Reports indicate that the Large Hadron Collider (LHC), popularly called the ‘Big Bang machine’, is going to skip medium-energy proton collisions, jumping straight to its maximum energy in 2013, after it finishes collecting lower-energy data and has its circuitry upgraded.
The world’s biggest particle accelerator, located outside Geneva, Switzerland, has recovered from its 2008 accident. In 2009, it broke the world record for particle collision energy when its two oppositely directed proton beams each reached 1.18 TeV, for a total energy of 2.36 TeV.
That made it slightly more powerful than its US competitor, Fermilab, which has been colliding particle beams with energies of 1 TeV, adding up to a total energy of 2 TeV.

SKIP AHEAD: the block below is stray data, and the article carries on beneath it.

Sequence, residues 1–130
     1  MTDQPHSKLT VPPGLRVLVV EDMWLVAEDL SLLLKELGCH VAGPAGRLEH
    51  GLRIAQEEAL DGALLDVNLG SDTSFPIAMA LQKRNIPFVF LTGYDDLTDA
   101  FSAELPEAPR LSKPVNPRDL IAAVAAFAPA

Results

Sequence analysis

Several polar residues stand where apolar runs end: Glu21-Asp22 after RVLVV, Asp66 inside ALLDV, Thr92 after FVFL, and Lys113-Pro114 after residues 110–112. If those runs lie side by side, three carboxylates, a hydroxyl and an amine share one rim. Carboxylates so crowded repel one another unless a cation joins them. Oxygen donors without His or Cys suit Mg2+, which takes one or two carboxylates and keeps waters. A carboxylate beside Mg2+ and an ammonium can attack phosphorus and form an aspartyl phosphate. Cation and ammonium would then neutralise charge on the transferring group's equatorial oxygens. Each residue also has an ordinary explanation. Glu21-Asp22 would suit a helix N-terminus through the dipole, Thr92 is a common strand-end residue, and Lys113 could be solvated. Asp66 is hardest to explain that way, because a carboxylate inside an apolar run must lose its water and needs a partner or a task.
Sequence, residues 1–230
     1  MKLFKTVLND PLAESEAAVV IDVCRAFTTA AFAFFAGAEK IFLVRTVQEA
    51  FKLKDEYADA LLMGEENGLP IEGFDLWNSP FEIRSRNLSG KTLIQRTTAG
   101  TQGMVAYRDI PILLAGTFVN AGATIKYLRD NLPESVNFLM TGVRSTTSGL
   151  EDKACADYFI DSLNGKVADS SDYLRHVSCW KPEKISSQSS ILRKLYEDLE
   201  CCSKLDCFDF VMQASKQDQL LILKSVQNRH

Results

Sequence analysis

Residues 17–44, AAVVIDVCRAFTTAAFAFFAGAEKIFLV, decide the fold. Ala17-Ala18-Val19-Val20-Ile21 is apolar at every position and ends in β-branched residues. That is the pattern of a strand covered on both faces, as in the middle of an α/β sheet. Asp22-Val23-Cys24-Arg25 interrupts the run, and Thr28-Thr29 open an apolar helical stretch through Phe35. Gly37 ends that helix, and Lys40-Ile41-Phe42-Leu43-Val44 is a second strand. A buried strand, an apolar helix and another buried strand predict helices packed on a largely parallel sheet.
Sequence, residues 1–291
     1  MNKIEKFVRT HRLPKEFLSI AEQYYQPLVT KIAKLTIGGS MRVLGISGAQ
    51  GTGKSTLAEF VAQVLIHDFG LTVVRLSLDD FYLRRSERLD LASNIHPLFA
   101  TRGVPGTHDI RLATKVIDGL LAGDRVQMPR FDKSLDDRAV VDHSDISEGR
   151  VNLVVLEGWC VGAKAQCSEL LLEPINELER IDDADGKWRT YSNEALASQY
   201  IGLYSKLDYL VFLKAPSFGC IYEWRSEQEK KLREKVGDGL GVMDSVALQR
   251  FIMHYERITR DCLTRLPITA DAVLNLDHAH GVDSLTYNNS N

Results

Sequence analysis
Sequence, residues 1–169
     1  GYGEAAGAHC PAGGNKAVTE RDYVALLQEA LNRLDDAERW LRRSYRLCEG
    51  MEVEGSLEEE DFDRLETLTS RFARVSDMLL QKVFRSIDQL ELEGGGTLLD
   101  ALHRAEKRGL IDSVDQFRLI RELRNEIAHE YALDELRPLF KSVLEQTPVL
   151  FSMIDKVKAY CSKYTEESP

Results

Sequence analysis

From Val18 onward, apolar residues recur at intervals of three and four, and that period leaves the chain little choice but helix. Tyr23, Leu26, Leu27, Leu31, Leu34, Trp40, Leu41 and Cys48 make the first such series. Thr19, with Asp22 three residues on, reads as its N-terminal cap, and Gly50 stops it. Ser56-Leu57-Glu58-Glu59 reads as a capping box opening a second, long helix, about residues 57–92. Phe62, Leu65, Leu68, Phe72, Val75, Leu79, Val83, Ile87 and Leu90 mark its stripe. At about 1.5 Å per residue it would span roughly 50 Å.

According to a report in New Scientist, after a brief holiday hiatus, the LHC is getting ready to start up again. Its managers have decided to carry out collisions for two years at 3.5 TeV per beam. At the end of 2011, it will shut down for a year for circuitry upgrades, returning in 2013 at its maximum design energy of 7 TeV per beam, or 14 TeV in total.
There had been talk of pushing the LHC to a middling energy of 5 TeV per beam prior to the shutdown at the end of 2011. But scientists apparently decided that was not worth the risk. During the shutdown, the LHC’s electrical connections will be upgraded, making it more robust against short circuits of the kind that caused the 2008 accident.